5:44 PM EDT, August 31, 2012
Rookie outside linebacker Courtney Upshaw has struggled with weight and shoulder problems, but he still should be more impressive than what he has shown in the preseason.
When former Pro Bowl players Peter Boulware and Terrell Suggs started as rookie outside linebackers for the Ravens, you could see the talent right away. Boulware had a great first step and could dip his shoulders to get inside most offensive tackles when rushing the passer.
With Suggs, he could change direction in almost full stride, but also had enough power to toss any linemen that got into his body or overextended.
I haven't seen any of that in Upshaw. In the final preseason game Thursday night, he only got pressure on the quarterback once.
I don't see explosion or power. He doesn't use his hands extremely well and right now he looks like an average outside linebacker taken too high in the second round of the draft.
There is still time for him to get better. He is only a rookie and has missed extensive time in training camp because of the shoulder injury. Last year, then rookie receiver Torrey Smith had his ups and downs in training camp, but had a break out game in Week 3 against St. Louis.
It will be interesting to see if history repeats itself.
Jimmy Smith needs to be more aggressive
Maybe it's just me, but it appears that second-year cornerback Jimmy Smith doesn't like to jam receivers at the line of scrimmage.
When the Ravens drafted him in the first round a year ago, he was supposed to be a shut down cornerback. Maybe he is a little timid from getting beat the past couple of weeks, but I'm surprised by the lack of physicality in his game despite Smith being 6-feet- 2 and 205 pounds. If a team wants to blitz as much as the Ravens, it's imperative for the corners to hold the receivers at the line of scrimmage for second or two.
Unfortunately for the Ravens, nickel cornerback Cary Williams is playing the same way.
Who should backup Flacco?
Since this is the year for debates, I assume that's why fans keep arguing over whether Tyrod Taylor or Curtis Painter should be the backup quarterback.
That's like asking do you prefer the chair or injection?
It's a no-win situation.
Blessing in disguise for Streeter
The best thing that may have happened to rookie receiver Tommy Streeter is that he sprained his left foot during the third preseason game against Jacksonville, and will get put on injured reserve, according to a team source.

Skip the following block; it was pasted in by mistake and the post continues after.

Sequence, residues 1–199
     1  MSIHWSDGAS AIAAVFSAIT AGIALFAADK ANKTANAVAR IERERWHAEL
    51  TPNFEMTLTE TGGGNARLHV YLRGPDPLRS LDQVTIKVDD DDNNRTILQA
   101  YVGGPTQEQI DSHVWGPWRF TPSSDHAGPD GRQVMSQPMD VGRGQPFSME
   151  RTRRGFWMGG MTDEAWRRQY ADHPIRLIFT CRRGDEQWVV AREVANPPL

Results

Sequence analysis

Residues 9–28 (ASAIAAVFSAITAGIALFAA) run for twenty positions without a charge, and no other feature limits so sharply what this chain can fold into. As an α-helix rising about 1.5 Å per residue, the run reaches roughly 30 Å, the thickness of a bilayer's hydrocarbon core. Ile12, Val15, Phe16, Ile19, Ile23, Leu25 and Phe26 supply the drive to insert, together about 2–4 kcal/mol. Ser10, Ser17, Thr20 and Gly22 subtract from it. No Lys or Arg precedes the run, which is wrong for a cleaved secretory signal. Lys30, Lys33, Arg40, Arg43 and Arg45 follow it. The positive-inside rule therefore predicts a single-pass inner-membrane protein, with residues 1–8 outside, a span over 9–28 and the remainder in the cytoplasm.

It's highly unlikely that Streeter would have made the 53-man roster, but now he gets some time to stay with the club and build on his 6-feet-5, 220 pound frame.
If I didn't know better, I'd swear Bill Belichick was the Ravens head coach and creating a way to stash Streeter.
Ravens outside linebackers didn't impress
The Ravens played their second and third string players against the St. Louis Rams first units Thursday night, but they had a couple of first string caliber players out there including outside linebackers Paul Kruger, Albert McClellan, inside linebacker Brendon Ayanbadejo and defensive tackle Terrence Cody.
Of those players, only McClellan played well. Kruger played poorly in his second straight game and Ayanbadejo played his worst game (pass coverage) in a Ravens uniform.
Even more disturbing was the communication between the linebackers and the secondary. The Ravens didn't just get beat physically, but at times played as if they had not practiced .
The tackling was atrocious.
Veterans will keep pace with no-huddle
There is a concern that some of the Ravens veterans on the offensive line won't be able to keep pace with the team's no-huddle approach, but that won't be an issue.
Just because a team doesn't huddle doesn't mean it has to snap the ball way under the 40-second clock. Offenses stay at the line of scrimmage to also force the defensive coordinator to make quick decisions, and cut down on the influx of the defensive personnel.
In theory, if the no-huddle is run well without a lot of incompletions and penalties, it's less running back and forth for the offensive line. Plus, the pace is more draining on defensive linemen.
"I've never run into any offensive linemen that didn't like it," said former Ravens and Colts coach Ted Marchibroda, who was one of the first coaches in the NFL to employ the no-huddle full-time.
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